Zoë Laycock is telling me her story. In describing the present, she slips into language that suggests she’s just now looked up to discover her good fortune.
“I guess it all wove together in this magnificent web,” she’ll say. Or, “It’s just kind of whirlwinded into something really good.”
This modesty is perhaps unsurprising, given the path Zoë has been walking. From a young age, her life and work have been characterized by an ethic of service. Service to her community, especially, has been a guiding light for the artist, tutor, community worker and researcher.
The truth appears to be that Zoë herself is the author of her own luck. It’s her fortitude, her quiet assuredness, and her willingness to step into unfamiliar spaces that have found her at the centre of that whirlwind.
Born and raised in Calgary, Zoë is Anishnaabe Métis on her mother’s side, with a father of European descent. Since before she was born, Zoë’s parents have run Métis Calgary Family Services (MCFS) — a non-profit outreach centre for urban Aboriginal parents and children. Zoë’s relationship with that organization has been lifelong.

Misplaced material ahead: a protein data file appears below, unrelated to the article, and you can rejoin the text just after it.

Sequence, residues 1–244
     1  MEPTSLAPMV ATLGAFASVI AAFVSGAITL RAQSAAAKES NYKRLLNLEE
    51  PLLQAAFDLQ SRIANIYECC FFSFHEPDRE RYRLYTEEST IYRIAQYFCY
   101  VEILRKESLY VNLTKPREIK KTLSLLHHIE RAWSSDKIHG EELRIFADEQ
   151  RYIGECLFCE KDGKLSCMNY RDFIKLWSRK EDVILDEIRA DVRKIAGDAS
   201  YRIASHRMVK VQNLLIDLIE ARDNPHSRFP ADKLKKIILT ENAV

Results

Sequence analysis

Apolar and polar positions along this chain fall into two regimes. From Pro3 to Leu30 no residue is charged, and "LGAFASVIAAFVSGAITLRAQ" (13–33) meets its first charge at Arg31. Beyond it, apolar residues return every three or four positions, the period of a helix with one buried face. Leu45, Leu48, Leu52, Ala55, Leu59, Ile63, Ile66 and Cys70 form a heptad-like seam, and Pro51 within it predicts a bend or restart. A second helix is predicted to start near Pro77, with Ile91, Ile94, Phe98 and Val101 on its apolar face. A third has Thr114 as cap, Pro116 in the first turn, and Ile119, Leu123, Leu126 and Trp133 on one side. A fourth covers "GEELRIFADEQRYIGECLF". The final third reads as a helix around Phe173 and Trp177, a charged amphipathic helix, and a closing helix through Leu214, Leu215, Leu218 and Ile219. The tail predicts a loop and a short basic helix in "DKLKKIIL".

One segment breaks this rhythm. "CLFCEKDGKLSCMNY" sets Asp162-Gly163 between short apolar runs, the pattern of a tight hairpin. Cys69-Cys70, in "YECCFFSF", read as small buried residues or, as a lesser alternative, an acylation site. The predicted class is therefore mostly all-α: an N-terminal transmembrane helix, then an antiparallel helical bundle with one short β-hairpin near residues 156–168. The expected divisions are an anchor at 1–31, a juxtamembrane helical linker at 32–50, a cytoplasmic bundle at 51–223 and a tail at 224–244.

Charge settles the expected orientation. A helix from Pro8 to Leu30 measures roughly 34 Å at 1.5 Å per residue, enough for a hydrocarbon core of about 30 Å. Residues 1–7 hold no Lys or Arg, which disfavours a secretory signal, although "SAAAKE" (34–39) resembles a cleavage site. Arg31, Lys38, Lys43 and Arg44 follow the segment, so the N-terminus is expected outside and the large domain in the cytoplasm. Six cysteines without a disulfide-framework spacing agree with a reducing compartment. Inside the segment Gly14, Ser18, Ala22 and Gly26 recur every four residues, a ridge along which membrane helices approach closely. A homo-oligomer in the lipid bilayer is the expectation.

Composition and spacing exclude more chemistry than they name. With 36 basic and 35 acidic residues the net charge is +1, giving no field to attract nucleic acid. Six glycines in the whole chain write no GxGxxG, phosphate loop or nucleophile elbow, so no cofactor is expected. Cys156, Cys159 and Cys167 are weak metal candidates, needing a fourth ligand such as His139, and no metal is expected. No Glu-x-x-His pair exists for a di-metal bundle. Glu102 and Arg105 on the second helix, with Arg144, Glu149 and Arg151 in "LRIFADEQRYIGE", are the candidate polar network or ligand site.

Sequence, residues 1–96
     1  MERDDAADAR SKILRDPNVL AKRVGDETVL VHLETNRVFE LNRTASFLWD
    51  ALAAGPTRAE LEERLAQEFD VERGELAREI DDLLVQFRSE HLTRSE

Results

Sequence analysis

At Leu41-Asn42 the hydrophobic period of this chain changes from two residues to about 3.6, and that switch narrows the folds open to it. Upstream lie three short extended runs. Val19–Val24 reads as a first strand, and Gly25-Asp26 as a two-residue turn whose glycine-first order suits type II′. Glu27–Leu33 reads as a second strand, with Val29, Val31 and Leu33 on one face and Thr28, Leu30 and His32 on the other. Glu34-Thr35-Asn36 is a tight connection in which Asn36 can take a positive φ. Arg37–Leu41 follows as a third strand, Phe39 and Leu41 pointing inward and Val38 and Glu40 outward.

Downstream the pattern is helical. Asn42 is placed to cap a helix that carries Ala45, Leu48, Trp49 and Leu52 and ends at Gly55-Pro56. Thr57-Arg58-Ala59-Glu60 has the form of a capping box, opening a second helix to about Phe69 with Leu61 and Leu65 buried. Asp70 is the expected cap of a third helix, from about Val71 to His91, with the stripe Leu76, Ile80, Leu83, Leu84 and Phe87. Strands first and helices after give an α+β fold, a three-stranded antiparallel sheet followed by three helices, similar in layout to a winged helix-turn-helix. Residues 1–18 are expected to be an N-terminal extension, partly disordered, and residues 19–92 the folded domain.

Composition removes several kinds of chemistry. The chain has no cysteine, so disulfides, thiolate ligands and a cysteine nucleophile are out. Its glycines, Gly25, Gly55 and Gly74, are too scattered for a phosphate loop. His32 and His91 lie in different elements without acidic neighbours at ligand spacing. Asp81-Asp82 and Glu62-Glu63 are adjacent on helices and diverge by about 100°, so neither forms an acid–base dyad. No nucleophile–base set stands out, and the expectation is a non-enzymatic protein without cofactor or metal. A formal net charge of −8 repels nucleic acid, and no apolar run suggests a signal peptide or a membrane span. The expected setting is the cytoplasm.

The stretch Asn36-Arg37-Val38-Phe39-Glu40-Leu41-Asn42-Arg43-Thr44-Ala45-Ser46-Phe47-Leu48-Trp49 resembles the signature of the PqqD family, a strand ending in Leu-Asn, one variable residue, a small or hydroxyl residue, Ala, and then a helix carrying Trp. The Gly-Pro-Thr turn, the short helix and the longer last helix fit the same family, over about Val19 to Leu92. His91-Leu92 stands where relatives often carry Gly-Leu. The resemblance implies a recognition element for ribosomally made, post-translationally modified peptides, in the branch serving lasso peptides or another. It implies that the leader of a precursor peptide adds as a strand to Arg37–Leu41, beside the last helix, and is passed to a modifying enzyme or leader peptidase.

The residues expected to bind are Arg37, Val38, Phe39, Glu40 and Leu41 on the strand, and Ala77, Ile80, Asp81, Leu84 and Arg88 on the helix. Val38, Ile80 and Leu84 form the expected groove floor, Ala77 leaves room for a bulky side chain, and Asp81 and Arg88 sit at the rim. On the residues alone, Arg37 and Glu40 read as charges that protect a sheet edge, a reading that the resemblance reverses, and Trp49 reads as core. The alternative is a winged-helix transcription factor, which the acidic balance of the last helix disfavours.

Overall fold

“Not only did I work there actively for nine years, I literally grew up there, as a part of all the goings on,” she says. “So, that aspect of engagement with my Indigenous community — especially in an urban setting — is something that has always been a natural part of my life and my practice, I guess.”
Zoë was taught Métis beadwork as a child, and has always been an avid writer. “I’m a songwriter and I write poetry and I’ve always journaled and written passionately about secret small things,” she says. She also maintains a material art practice. Currently, for example, that practice involves beading Anishnaabe words into oil paintings — a literal intervention of Indigenous language and material practice into the “colonial fabric of a historically Eurocentric, white-dominated medium.” She has also beaded objects including her grandmother’s bingo dabber, which Zoë says speaks to the “cultural importance of gambling and bingo as activities to gather around” within contemporary Indigenous communities.
With those passions in mind, she decided to pursue a post-secondary arts education in Alberta.
“I had an OK time. I wasn’t very successful there, and ended up focusing on work at MCFS while I was in school,” she says at first, later adding, “I personally didn’t feel very supported in school as an Indigenous person.”
Zoë decided to move on, and looked west, to Vancouver. She’d travelled to the city before, and knew of Emily Carr University by reputation. She could finish her degree there, she thought, and wouldn’t have to go as far afield as Ontario to do so. Plus, she had a few friends already living in the area.
Almost as soon as she arrived at ECU, Zoë says the team at the Aboriginal Gathering Place (AGP) reached out to her. They acknowledged her as a new Indigenous student, and invited her by to hang out, have a snack and see what kinds of resources they have to offer.